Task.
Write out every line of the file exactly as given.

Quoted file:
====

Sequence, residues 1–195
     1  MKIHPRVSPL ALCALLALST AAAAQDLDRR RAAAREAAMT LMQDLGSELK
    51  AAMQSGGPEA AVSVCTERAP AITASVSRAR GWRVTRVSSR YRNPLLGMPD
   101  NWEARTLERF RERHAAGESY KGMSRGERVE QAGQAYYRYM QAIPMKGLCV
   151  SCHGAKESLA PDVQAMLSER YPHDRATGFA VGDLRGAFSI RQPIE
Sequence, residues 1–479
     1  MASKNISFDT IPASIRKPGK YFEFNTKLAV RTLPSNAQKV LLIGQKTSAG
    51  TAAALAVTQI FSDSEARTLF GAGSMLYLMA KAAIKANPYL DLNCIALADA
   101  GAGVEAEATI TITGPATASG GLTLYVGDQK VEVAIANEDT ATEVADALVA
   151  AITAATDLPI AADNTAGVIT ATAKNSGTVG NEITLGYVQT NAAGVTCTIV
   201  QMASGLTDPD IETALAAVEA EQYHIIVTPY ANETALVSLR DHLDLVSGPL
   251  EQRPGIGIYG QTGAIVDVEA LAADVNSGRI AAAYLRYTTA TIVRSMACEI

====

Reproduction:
Sequence, residues 1–195
     1  MKIHPRVSPL ALCALLALST AAAAQDLDRR RAAAREAAMT LMQDLGSELK
    51  AAMQSGGPEA AVSVCTERAP AITASVSRAR GWRVTRVSSR YRNPLLGMPD
   101  NWEARTLERF RERHAAGESY KGMSRGERVE QAGQAYYRYM QAIPMKGLCV
   151  SCHGAKESLA PDVQAMLSER YPHDRATGFA VGDLRGAFSI RQPIE
Sequence, residues 1–479
     1  MASKNISFDT IPASIRKPGK YFEFNTKLAV RTLPSNAQKV LLIGQKTSAG
    51  TAAALAVTQI FSDSEARTLF GAGSMLYLMA KAAIKANPYL DLNCIALADA
   101  GAGVEAEATI TITGPATASG GLTLYVGDQK VEVAIANEDT ATEVADALVA
   151  AITAATDLPI AADNTAGVIT ATAKNSGTVG NEITLGYVQT NAAGVTCTIV
   201  QMASGLTDPD IETALAAVEA EQYHIIVTPY ANETALVSLR DHLDLVSGPL
   251  EQRPGIGIYG QTGAIVDVEA LAADVNSGRI AAAYLRYTTA TIVRSMACEI